Cultural influence of Plato's Republic

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Plato's The Republic has been influential in literature and art.

Similarities in literature


Around the same time that The Republic was being composed, the playwright Aristophanes produced the play Assemblywomen. The state formed by the women in this play bears many similarities to the ideal government described by Plato. It is not discernible which was released first; most likely Aristophanes had heard an early form of The Republic before it was completed and used it as the basis for Assemblywomen. Certainly, the similarities have long been commented upon.[1][2]


Thomas More, when writing his Utopia, invented the technique of using the portrayal of a "utopia" as the carrier of his thoughts about the ideal society. In Thomas More's Utopia, the island Utopia is also similar to Plato's Republic in some aspects, among them common property and the lack of privacy.[3][4][5][6]


The form of government described in the Republic has been adapted in several modern dystopic novels and stories. The separation of people by professional class, assignment of profession and purpose by the state, and the absence of traditional family units, replaced by state-organized breeding, was included by authors in descriptions of totalitarian dystopic governments. Government which bears resemblance to Plato's Republic is found in Aldous Huxley's Brave New World[7] and Lois Lowry's The Giver.

The Orwellian dystopia depicted in the novel 1984 had many characteristics in common with Plato's description of the allegory of the Cave as Winston Smith strives to liberate himself from it.[8]


Another satiric presentation of Platonic style government would be Robert A. Heinlein's Starship Troopers. His citizen can be compared to a Platonic Guardian, without the communal breeding and property, but still having a militaristic base. Although there are significant differences in the specifics of the system, Heinlein and Plato both describe systems of limited franchise, with a political class that has supposedly earned their power and wisely governs the whole. Republic is specifically attacked in Starship Troopers. Indeed, the arachnids can be seen as much closer to a Republic society than the humans.[9]


Although not directly referenced at any point the Mega City One of 2000AD's Judge Dredd storyline has broad similarities to the Platonic Republic - mainly in that it is governed by a Guardian Class (the Judges) raised from infancy to govern in the interests of the polity and bound by far stricter rules than apply to the common citizen.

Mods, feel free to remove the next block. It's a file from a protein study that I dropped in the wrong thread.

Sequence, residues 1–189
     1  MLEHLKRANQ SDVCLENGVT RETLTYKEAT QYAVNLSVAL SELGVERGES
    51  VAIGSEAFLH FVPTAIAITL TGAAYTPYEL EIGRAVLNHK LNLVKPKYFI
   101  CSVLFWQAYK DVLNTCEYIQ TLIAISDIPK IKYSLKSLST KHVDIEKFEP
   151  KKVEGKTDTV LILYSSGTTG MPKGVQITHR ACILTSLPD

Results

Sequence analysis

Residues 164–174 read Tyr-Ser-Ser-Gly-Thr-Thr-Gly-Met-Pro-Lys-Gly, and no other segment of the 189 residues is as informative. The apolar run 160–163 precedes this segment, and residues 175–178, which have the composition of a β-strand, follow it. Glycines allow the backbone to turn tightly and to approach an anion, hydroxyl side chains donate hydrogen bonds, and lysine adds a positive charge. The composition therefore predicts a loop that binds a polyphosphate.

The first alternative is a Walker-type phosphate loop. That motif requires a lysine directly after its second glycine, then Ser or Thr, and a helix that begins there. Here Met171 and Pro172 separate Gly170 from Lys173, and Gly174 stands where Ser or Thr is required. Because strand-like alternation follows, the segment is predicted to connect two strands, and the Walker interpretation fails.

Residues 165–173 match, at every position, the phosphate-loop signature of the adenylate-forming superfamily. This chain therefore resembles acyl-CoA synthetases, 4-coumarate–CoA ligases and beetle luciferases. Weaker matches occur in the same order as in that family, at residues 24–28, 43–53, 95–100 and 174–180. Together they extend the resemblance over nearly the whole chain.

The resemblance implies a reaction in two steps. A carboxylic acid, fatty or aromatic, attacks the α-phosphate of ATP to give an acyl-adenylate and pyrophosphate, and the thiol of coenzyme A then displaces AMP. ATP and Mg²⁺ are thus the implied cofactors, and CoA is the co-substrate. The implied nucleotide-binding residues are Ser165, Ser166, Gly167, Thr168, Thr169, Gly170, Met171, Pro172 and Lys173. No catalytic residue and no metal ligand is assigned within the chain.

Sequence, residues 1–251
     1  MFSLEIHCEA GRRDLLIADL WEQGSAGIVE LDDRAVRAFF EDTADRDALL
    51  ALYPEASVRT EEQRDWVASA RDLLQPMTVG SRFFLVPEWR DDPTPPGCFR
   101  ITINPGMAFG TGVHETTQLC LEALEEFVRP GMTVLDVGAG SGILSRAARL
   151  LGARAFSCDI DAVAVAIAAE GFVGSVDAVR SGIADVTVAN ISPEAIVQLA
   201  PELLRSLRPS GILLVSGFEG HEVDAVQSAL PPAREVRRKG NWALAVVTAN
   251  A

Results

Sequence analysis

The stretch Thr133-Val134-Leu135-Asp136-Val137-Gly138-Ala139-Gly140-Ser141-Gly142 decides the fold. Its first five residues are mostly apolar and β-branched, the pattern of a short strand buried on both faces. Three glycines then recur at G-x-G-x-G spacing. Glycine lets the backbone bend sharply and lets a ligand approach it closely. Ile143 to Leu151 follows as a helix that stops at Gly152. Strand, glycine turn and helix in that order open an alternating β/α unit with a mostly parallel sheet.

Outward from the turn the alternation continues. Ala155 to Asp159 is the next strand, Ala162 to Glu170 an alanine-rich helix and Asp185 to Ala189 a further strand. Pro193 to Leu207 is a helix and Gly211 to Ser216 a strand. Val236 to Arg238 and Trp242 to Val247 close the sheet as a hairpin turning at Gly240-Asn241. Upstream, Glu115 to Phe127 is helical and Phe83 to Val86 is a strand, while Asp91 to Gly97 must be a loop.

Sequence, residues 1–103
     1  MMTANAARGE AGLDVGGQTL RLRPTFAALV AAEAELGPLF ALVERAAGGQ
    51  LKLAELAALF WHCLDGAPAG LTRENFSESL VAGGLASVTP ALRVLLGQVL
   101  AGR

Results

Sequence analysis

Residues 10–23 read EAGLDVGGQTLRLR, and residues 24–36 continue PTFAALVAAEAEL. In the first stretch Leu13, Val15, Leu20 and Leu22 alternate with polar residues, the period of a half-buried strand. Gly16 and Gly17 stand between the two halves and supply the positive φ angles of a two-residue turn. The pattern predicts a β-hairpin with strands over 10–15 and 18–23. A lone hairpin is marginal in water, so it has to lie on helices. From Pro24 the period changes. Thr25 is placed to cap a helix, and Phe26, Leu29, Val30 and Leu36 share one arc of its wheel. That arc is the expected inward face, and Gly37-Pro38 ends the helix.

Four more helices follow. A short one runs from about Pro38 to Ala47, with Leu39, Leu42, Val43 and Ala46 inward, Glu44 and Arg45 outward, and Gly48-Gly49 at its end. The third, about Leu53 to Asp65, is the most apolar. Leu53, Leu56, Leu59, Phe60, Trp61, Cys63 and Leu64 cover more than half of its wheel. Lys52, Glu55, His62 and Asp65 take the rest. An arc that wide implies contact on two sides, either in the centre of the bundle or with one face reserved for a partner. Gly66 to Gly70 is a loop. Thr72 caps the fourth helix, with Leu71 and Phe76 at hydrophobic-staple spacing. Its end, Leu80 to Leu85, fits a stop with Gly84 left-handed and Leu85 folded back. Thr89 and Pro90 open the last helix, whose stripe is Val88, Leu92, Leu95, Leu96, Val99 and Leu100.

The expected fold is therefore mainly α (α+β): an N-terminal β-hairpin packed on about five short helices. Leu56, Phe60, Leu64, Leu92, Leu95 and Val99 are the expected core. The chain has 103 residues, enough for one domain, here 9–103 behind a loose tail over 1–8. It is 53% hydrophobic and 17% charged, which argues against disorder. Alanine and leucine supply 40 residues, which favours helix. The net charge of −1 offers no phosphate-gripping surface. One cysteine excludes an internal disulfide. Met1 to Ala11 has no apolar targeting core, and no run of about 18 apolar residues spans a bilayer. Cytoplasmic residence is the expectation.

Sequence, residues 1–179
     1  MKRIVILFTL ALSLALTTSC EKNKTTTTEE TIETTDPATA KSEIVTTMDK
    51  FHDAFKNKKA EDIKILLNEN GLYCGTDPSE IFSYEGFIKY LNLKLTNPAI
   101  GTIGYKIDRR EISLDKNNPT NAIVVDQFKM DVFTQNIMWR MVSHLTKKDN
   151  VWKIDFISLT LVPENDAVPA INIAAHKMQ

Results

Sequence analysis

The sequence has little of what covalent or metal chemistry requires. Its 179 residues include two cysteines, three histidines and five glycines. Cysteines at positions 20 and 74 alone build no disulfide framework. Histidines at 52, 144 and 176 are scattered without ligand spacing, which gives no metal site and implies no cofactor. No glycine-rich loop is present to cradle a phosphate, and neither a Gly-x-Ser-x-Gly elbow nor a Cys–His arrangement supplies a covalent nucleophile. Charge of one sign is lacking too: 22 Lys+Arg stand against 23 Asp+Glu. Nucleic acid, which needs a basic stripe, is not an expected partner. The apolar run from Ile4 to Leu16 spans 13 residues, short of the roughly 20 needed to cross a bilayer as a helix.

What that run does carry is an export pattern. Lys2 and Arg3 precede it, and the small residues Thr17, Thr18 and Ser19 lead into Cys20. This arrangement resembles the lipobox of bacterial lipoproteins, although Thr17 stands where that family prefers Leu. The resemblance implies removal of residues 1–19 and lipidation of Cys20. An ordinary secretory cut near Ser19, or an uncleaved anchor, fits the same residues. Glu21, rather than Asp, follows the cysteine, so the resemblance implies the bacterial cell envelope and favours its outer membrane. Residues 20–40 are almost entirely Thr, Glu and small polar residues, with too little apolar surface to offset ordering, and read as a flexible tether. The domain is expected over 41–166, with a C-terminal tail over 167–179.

The comic book Morning Glories takes place at a violent and secretive boarding school which is built on the grounds above Plato's Cave.

The experience of Jack in Emma Donoghue's 2010 novel "Room" contains many similarities to the experience of the people in Plato's Cave.

Artistic creations based on Plato's Republic

See also


  1. Ober, Josiah (1998). Political Dissent in Democratic Athens: Intellectual Critics of Popular Rule. Princeton University Press. ISBN 0-691-08981-7.<templatestyles src="Module:Citation/CS1/styles.css"></templatestyles>
  2. Mary P. Nichols (1987). Socrates and the Political Community: An Ancient Debate. SUNY Press. ISBN 0-88706-395-0.<templatestyles src="Module:Citation/CS1/styles.css"></templatestyles>
  3. Imterpreting Thomas More's Utopia By John Charles Olin Fordham Univ Press, 1989. ISBN 0-8232-1233-5
  4. "The Function of the Ideal in Plato's 'Republic' and St. Thomas More's 'Utopia' " by K. Corrigan Moreana 1990, vol. 27, no.104, pp. 27-49
  5. "Thomas More: On the Margins of Modernity " by J. H. Hexter The Journal of British Studies, Vol. 1 (Nov., 1961), pp. 20-37 JSTOR "We find it in Plato's Republic, and in Utopia More acknowledges his debt to that book."
  6. "More on Utopia" by Brendan Bradshaw The Historical Journal, Vol. 24, No. 1 (Mar., 1981), pp. 1-27 JSTOR "claims that Utopia not merely emulated Plato's Republic but excelled it."
  7. Franck, Matthew. "Aldous Huxley’s City in Speech: Brave New World and the Republic of Plato" Paper presented at the annual meeting of The Midwest Political Science Association, Palmer House Hilton, Chicago, Illinois, Apr 15, 2004 abstract
  8. "From Plato to Orwell: Utopian Rhetoric in a Dystopian World." by Deatherage, Scott. Paper presented at the Annual Meeting of the Speech Communication Association (73rd, Boston, MA, November 5–8, 1987). ERIC
  9. Donald McQuarie "Utopia and Transcendence: An Analysis of Their Decline in Contemporary Science Fiction" The Journal of Popular Culture xiv (2), 242–250. (1980) Blackwell Synergy
  10. Adlington, Robert. Louis Andriessen: De Staat. Ashgate, 2004. ISBN 0-7546-0925-1 [1] - In 1992 a CD-recording by the Schoenberg Ensemble, conducted by Reinbert de Leeuw appeared [2] - In 1977 Andriessen had been awarded several prizes for this composition [3]
  11. The Matrix and Philosophy: Welcome to the Desert of the Real By William Irwin. Open Court Publishing, 2002/ ISBN 0-8126-9501-1 "written for those fans of the film who are already philosophers."
  12. "The Cave" by Mumford & Sons. Sigh No More."The lyrics may be viewed here"